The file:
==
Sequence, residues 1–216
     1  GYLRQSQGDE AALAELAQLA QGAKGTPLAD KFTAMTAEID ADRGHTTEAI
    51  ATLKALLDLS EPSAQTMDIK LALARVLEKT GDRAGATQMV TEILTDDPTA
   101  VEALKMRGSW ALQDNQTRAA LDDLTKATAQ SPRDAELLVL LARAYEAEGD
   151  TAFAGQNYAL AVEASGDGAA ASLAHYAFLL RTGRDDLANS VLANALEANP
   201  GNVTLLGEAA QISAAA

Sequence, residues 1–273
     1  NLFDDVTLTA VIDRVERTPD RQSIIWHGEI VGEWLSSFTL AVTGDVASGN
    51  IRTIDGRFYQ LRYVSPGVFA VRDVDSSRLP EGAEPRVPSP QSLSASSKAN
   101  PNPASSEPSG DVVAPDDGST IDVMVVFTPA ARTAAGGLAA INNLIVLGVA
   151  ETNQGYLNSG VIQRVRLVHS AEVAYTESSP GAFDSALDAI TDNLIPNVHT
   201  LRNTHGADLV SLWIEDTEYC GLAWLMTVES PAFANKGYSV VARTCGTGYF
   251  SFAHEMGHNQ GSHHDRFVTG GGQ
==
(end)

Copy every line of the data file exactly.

Sequence, residues 1–216
     1  GYLRQSQGDE AALAELAQLA QGAKGTPLAD KFTAMTAEID ADRGHTTEAI
    51  ATLKALLDLS EPSAQTMDIK LALARVLEKT GDRAGATQMV TEILTDDPTA
   101  VEALKMRGSW ALQDNQTRAA LDDLTKATAQ SPRDAELLVL LARAYEAEGD
   151  TAFAGQNYAL AVEASGDGAA ASLAHYAFLL RTGRDDLANS VLANALEANP
   201  GNVTLLGEAA QISAAA

Sequence, residues 1–273
     1  NLFDDVTLTA VIDRVERTPD RQSIIWHGEI VGEWLSSFTL AVTGDVASGN
    51  IRTIDGRFYQ LRYVSPGVFA VRDVDSSRLP EGAEPRVPSP QSLSASSKAN
   101  PNPASSEPSG DVVAPDDGST IDVMVVFTPA ARTAAGGLAA INNLIVLGVA
   151  ETNQGYLNSG VIQRVRLVHS AEVAYTESSP GAFDSALDAI TDNLIPNVHT
   201  LRNTHGADLV SLWIEDTEYC GLAWLMTVES PAFANKGYSV VARTCGTGYF
   251  SFAHEMGHNQ GSHHDRFVTG GGQ